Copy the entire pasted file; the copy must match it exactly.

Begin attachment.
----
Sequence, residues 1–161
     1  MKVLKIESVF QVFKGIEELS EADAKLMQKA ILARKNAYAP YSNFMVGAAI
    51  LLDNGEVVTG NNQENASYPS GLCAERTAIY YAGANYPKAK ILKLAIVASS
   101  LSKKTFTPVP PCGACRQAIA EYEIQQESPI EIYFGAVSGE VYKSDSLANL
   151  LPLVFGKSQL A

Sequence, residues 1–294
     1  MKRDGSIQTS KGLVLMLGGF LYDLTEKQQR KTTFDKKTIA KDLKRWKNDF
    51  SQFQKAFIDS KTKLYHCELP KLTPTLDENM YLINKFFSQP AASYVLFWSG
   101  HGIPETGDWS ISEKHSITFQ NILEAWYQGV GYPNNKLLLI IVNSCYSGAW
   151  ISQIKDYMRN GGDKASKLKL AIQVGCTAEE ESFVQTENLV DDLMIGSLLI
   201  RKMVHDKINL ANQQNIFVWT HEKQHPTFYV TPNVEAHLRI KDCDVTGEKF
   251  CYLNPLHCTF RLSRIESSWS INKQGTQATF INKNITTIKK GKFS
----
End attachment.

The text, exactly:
Sequence, residues 1–161
     1  MKVLKIESVF QVFKGIEELS EADAKLMQKA ILARKNAYAP YSNFMVGAAI
    51  LLDNGEVVTG NNQENASYPS GLCAERTAIY YAGANYPKAK ILKLAIVASS
   101  LSKKTFTPVP PCGACRQAIA EYEIQQESPI EIYFGAVSGE VYKSDSLANL
   151  LPLVFGKSQL A

Sequence, residues 1–294
     1  MKRDGSIQTS KGLVLMLGGF LYDLTEKQQR KTTFDKKTIA KDLKRWKNDF
    51  SQFQKAFIDS KTKLYHCELP KLTPTLDENM YLINKFFSQP AASYVLFWSG
   101  HGIPETGDWS ISEKHSITFQ NILEAWYQGV GYPNNKLLLI IVNSCYSGAW
   151  ISQIKDYMRN GGDKASKLKL AIQVGCTAEE ESFVQTENLV DDLMIGSLLI
   201  RKMVHDKINL ANQQNIFVWT HEKQHPTFYV TPNVEAHLRI KDCDVTGEKF
   251  CYLNPLHCTF RLSRIESSWS INKQGTQATF INKNITTIKK GKFS